Converting Your Website to Responsive Design – Part III

In the first of our series Converting your Website to Responsive Design: Part 1, we examined how modifying your existing site to use a Responsive Design can be a more suitable way to “go mobile” rather than create a separate mobile-only version.

Last time, in Converting your Website to Responsive Part 2, we examined how to convert your existing code to use the responsive front-end framework Foundation.

Today in Part 3, we’ll focus on becoming responsive, optimizing that code for display on a variety of browser and mobile screen widths.

Previously

Part 1: choosing a Framework and deciding on an implementation path.

Part 2: converting your code to use Foundation framework.

Next

Part 4: development tips and tools.

Step 4: Becoming Responsive

Once you’ve implemented the Foundation framework, your site has already become responsive! By default, Foundation’s grid system collapses to stack all columns on top of each other on small mobile devices and small screen widths. If you used the Foundation navigation or tab components, these will also collapse to a mobile view.

You can test this yourself even without a mobile device by using your web browser and resizing the window to a mobile-like width.

If we take a look at our newly responsive site viewed on an iPhone in the landscape mode, we’ll see it now looks like this:

Responsive Screenshot

It’s looking pretty good. The columns have stacked on top of each other rather than staying vertical with a scrollbar. While Foundation does most of the heavy lifting in making your site responsive, there are still issues before we can become fully responsive:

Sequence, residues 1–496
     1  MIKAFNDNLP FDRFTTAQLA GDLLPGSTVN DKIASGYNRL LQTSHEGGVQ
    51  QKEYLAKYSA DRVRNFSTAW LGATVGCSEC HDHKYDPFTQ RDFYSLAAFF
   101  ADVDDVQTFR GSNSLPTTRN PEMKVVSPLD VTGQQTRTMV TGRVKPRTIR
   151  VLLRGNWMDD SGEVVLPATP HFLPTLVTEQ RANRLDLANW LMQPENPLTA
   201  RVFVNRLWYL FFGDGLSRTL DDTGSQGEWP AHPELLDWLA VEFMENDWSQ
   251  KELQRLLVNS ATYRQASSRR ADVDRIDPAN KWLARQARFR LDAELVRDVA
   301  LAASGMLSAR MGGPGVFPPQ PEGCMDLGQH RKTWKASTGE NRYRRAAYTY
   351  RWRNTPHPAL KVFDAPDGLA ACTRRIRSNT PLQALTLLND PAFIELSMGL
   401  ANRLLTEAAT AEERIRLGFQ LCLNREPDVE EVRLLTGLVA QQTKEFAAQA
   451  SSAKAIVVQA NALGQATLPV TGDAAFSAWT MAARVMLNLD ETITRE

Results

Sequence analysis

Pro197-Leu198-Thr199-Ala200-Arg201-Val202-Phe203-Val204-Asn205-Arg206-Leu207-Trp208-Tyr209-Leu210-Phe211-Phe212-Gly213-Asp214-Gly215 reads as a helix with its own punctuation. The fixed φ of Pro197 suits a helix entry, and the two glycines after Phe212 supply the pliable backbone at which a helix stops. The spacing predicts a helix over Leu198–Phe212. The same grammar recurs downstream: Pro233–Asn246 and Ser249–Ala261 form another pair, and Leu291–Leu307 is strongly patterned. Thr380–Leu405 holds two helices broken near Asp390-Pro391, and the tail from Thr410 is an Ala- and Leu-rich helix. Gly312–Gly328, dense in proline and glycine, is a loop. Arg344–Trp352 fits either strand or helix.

• The top navigation is clunky. The navigation used for a desktop view is takes up too much space on a mobile view.
  • Text in the “Contact Us” block in the footer is cut off.
  • Additionally, we decided we do not want to show the carousel on the home page for mobile view. It should remain for the desktop view however.

Each of these issues can be addressed by implementing a responsive navigation pattern, styling for smaller screens using CSS3 Media Queries, and using Foundation’s implementation of Mobile Visibility classes.

Mobile Visibility

Foundation provides a series of visibility classes that go a long way in making a website responsive on mobile views. These classes allow us to turn on or off elements based on the current screen width or even orientation. For example we could set an element in our markup to display on mobile phones using:

<div class="show-for-small">Show me only on small screens, like smartphones.</div>

Their opposite rule class equivalents also exist:

<div class="hide-for-small">Hide on small screens.</div>

Using these classes, we can address our footer issue detailed above, by deciding to hide not only the phone image, but also the description for each block in the footer. We can easily do this by simply adding the class “hide-for-small” on both the phone image and the block descriptions. Once we do, we get something like this when viewing the homepage on a mobile device:

Footer view

Responsive Navigation Patterns

When viewing in a mobile device, what do we do with the navigation? Should it collapse to a dropdown menu? Should we not display certain navigation items that are not core? The answer is usually: it depends. It depends on how complex your website’s navigation is. Since mobile views have limited space to display navigation, we often need to implement a navigation design pattern for mobile views. The navigation pattern must be intuitive, not be overly intrusive, yet still provide access to the site’s core pages.

Brad Frost has collected various Responsive Navigation Patterns, that go from the simple top nav pattern, collapsing to a dropdown menu, creating a toggle, to the more complex like multi-toggle or off-canvas.

It is a good idea to familiarize yourself with these patterns, and decide on a pattern that will work best for your site’s navigation and structure.

Foundation’s Built-in Support Mobile Navigation